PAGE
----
Storage virtualization remains a fairly new technology, and Windows server virtualization is even newer, yet it's...
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taking time to make sure both kinds of virtualization can play well together. But, this is happening. Increasingly over time, if you encounter problems regarding their compatibility, those issues are likely to involve poor performance rather than complete failure. To ensure adequate performance, it is important to fully understand both the server and storage virtualization products you are attempting to integrate.
Of course, you've got to know what you're virtualizing. One of the first steps in any virtualization project, whether it's storage or server and especially both, is to conduct an inventory of the servers, storage devices and such that will be involved. This includes things such as the host bus adapters (HBA) and storage area network (SAN) switches, and the software and firmware revisions.
Check the hardware compatibility lists (HCL) for both virtualization products and make sure your configuration conforms. This is getting easier as virtualization vendors work to make their products interoperable. For example, VMware Inc., now owned by EMC Corp., is aggressively promoting its VMware Infrastructure 3, which ties VMware's ESX Server 3 and related products with storage virtualization, and associated hardware and software. Recently, both Emulex Corp. and QLogic Corp. announced that they now have HBAs that are supported by VMware's architecture.
It takes some additional steps to integrate virtual servers and virtual storage. (For one example, see this study, which was conducted to determine if using virtual storage in virtual server environments makes sense.)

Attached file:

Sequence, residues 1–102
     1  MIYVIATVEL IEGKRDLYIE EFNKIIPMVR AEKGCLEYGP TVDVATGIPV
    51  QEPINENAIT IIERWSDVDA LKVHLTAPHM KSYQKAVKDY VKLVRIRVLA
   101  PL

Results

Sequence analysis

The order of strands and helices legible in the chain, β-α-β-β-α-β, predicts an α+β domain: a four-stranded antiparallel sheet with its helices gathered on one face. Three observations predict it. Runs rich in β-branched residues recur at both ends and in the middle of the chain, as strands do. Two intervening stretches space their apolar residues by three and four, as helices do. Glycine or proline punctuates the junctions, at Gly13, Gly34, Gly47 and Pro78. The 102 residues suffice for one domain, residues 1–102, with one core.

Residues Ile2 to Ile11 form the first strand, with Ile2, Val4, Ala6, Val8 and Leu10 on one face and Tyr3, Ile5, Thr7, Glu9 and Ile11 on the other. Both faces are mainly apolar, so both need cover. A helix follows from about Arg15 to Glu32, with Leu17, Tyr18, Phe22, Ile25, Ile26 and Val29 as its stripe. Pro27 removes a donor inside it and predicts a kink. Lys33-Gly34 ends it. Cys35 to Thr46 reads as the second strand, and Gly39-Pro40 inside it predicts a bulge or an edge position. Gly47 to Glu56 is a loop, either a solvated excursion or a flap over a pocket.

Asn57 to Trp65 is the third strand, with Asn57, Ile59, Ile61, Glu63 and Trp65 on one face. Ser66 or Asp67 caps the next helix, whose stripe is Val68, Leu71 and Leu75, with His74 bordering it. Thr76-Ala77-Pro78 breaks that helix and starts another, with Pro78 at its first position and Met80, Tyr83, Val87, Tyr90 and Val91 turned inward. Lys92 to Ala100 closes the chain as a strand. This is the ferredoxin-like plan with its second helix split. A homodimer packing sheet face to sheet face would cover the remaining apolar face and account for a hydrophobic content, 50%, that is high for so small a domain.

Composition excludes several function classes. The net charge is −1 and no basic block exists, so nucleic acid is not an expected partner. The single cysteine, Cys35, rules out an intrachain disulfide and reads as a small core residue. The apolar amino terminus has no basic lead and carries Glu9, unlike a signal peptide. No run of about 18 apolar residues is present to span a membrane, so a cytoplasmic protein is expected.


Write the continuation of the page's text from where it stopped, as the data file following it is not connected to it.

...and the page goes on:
It's best to start by virtualizing the lightly loaded servers, both for cost-benefit and performance reasons. If you have, say, three servers and each has less than 30% utilization, you'll see more immediate economic benefits by virtualizing them all on one server than if you start with heavily loaded servers running high-intensity applications. Also, your operation will take less of a hit while you iron out any performance problems than if you were trying to start with the heavily loaded server.
The surprising thing about modern virtualization is how little overhead it adds, but it still increases cost in terms of time, performance and capacity. Of course, this added cost is well worth it if you see benefits. However, you need to keep track of costs. That means you need to monitor the system's underlying performance with tools, such as Iometer and vendor-specific tools.
There are some kinds of storage you don't want to virtualize in a virtual server installation, notably those directly involved in running the virtual machines themselves. VMware, for instance, recommends keeping a VMFS (VMware's native file system) partition on either locally attached storage or LUN-0 (logical unit number) of your SAN to use for swap space. Since virtual machine systems rely heavily on swapping so it's important that this partition be sized and configured for best performance. For this reason, VMware doesn't recommend putting the swap partition on a network attached storage (NAS) device. For the same reason, the VMware kernel core dump partition (vmkcore) should also be locally attached or in LUN-0.
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Rick Cook has been writing about mass storage since the days when the term meant an 80 K floppy disk. The computers he learned on used ferrite cores and magnetic drums. For the last 20 years he has been a freelance writer specializing in issues related to storage and storage management.